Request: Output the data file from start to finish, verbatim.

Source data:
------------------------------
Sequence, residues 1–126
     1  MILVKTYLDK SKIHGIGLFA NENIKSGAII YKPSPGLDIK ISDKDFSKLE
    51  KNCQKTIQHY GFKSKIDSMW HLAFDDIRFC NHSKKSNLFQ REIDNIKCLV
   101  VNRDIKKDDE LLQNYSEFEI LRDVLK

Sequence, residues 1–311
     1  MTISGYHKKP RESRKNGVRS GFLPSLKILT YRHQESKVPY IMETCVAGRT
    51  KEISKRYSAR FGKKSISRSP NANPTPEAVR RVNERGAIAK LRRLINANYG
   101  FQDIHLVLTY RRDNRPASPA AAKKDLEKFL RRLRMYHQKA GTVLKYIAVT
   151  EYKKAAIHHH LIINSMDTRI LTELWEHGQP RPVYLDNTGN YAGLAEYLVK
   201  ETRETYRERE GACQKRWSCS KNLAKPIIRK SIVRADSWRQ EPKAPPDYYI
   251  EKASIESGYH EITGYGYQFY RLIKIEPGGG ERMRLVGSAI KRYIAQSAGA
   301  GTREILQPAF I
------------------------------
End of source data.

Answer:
Sequence, residues 1–126
     1  MILVKTYLDK SKIHGIGLFA NENIKSGAII YKPSPGLDIK ISDKDFSKLE
    51  KNCQKTIQHY GFKSKIDSMW HLAFDDIRFC NHSKKSNLFQ REIDNIKCLV
   101  VNRDIKKDDE LLQNYSEFEI LRDVLK

Sequence, residues 1–311
     1  MTISGYHKKP RESRKNGVRS GFLPSLKILT YRHQESKVPY IMETCVAGRT
    51  KEISKRYSAR FGKKSISRSP NANPTPEAVR RVNERGAIAK LRRLINANYG
   101  FQDIHLVLTY RRDNRPASPA AAKKDLEKFL RRLRMYHQKA GTVLKYIAVT
   151  EYKKAAIHHH LIINSMDTRI LTELWEHGQP RPVYLDNTGN YAGLAEYLVK
   201  ETRETYRERE GACQKRWSCS KNLAKPIIRK SIVRADSWRQ EPKAPPDYYI
   251  EKASIESGYH EITGYGYQFY RLIKIEPGGG ERMRLVGSAI KRYIAQSAGA
   301  GTREILQPAF I